When learning any language, we start with the basics, introducing ourselves, explaining where we live, etc. Then we begin to learn the names of things so we can ask for them. All of this is fairly straightforward. But when we learn a new language, we’re normally doing it for ourselves, for travel or to communicate with a native speaker. We’re not usually learning it in order to teach a child his or her first language.
While pointing and naming is all well and good, children ask why things are the way they are. It’s practical. How do we know the difference between the consequences of stealing a cookie versus running out into the middle of a busy intersection? Hopefully not by experience. Obviously, the consequences of getting hit by a car was something I learned to communicate to Alex early on. But what about the more innocent stuff?
Why is the sky blue? How do wireless electronics work? Why is this Russian/Korean/Indian show on my laptop but it’s not on TV, like The Price is Right is? (He watches shows from all over the world; spoken language is of no consequence to him.) I have no way to answer many of his questions, short of becoming completely fluent in Sign Language. The closest place to receive such an education is in Toronto (Ontario, Canada), which is too far to commute to, to take classes I have neither the time nor the money for at the moment.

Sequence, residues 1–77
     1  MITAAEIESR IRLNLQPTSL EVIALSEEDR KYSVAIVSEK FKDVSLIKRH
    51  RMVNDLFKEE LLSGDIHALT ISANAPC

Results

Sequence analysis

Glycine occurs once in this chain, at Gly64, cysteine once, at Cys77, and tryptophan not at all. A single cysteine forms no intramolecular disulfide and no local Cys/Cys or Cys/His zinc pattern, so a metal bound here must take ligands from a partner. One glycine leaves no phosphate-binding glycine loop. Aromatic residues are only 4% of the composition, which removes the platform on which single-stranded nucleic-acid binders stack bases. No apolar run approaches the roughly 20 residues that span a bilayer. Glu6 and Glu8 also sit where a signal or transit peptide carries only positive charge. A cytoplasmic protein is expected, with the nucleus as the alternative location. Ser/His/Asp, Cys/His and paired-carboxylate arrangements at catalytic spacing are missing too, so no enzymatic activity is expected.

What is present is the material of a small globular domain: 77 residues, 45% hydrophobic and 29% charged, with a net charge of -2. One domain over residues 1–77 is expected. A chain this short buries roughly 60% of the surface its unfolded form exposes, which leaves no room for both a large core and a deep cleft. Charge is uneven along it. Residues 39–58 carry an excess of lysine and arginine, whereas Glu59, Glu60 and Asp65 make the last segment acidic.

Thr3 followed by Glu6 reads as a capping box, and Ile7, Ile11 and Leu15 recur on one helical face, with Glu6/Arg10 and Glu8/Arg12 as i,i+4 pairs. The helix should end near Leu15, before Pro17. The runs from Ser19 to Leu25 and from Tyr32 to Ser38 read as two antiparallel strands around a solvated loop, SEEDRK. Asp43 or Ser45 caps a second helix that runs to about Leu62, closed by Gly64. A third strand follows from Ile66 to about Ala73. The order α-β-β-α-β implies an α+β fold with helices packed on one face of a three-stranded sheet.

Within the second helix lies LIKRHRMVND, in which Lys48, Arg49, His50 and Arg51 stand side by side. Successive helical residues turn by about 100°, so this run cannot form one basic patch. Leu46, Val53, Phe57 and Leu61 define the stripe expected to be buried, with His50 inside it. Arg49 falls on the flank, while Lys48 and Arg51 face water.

I might have advanced my education more after Alex was born, but the courses in Ottawa only went to a certain level. On top of that, we lived in the Province of Quebec – a province that has its own Sign Language (Langue des signes du Québec). Finding a professional to teach Alex American Sign Language in Quebec was next to impossible, and the only Deaf school for children in Ottawa teaches LSQ. So we packed up and moved to Ontario, to a city with a school whose primary language is ASL.
I do hope to learn more Sign someday. For now, I’m doing the best I can with help from his teachers.
My A to Z theme concerns the joys and challenges of being the hearing mother of my Deaf son, Alex. To learn more about his beginnings in life, click here to go to my first A to Z entry.